Jane Austen s Dracula As Well As Pride And Prejudice

Women are held to different standards than men. Our culture is encompassed by prejudices concerning women in society, especially in regards to social gender roles of men and women. In Victorian society, it was a socially accepted concept that women were inferior to men in all aspects with the exception of childbearing and raising. A woman’s personal choices were and are still subject to the review of modern society, and women are continually ostracized for veering from what is considered socially acceptable. This criticism severely restricts what a woman is â€Å"allowed† to and â€Å"not allowed† to do. This can be seen in works of literature dating back to the Victorian era, such as Brahm Stoker’s Dracula as well as Pride and Prejudice by Jane Austen. Women are not allowed to express their sexual desires. Through the two main female characters in Dracula, Mina and Lucy, Stoker shines light on his sexist opinion of the role of women in society by illustra ting both the ideal model of what a woman should strive to be as well as the repercussions if a woman were to veer from this accepted role. According to LITCRITXXX, Dracula is among the most strikingly erotic works published in Britain during the Victorian era...its conscientious representation of female voluptuousness and sexual appetite as a manifest disgrace is...consciously hypocritical† (xxxxxxxxxx 16). Women, although sexualized, objectified, and undermined, are still disgraced for their behavior if it is different thanShow MoreRelatedCause and Impact Analysis on the Main Character’s Suffering in Elizabeth Gilbert’s Novel Eat, Pray, Love7348 Words   |  30 PagesImaginative literature is the writing contains fact explanation or real people life and history which aim at conveying knowledge to article, history book, dictionaries and text book. On the other hand, imaginative literature aims an entertaining as well as giving information. In this case the auth or tries to tell about his though, ideas and feeling. A novel is a book length story in prose, whose author tries to create the sense that while we need, we experience actual life, (Kennedy, 1983:180)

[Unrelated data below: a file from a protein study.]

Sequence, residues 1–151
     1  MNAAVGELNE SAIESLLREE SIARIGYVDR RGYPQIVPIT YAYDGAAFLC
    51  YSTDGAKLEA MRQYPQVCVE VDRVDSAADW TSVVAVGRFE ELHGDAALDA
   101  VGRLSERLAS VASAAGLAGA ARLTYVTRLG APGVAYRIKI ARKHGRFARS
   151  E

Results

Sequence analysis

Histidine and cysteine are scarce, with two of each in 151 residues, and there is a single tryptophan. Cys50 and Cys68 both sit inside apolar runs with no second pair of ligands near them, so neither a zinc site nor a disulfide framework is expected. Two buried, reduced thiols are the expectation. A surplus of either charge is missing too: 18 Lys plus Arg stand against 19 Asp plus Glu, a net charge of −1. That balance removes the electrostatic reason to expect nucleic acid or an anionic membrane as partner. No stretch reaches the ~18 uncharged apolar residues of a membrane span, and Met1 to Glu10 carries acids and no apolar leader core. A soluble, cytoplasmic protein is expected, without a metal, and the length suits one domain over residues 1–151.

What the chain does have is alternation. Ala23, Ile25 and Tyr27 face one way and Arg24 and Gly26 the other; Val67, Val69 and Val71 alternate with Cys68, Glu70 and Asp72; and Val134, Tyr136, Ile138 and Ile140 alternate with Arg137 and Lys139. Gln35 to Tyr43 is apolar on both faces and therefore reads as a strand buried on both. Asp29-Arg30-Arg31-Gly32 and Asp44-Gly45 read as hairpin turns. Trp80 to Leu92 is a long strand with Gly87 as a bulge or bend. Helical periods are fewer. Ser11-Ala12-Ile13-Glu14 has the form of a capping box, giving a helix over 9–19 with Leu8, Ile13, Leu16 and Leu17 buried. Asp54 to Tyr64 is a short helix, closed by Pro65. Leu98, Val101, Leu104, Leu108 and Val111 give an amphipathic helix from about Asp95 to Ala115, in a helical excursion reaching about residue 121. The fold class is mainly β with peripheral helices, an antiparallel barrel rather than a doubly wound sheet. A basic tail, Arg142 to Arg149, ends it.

Sunday, May 10, 2020

A Thousand Splendid Suns Essays - Free Essay Example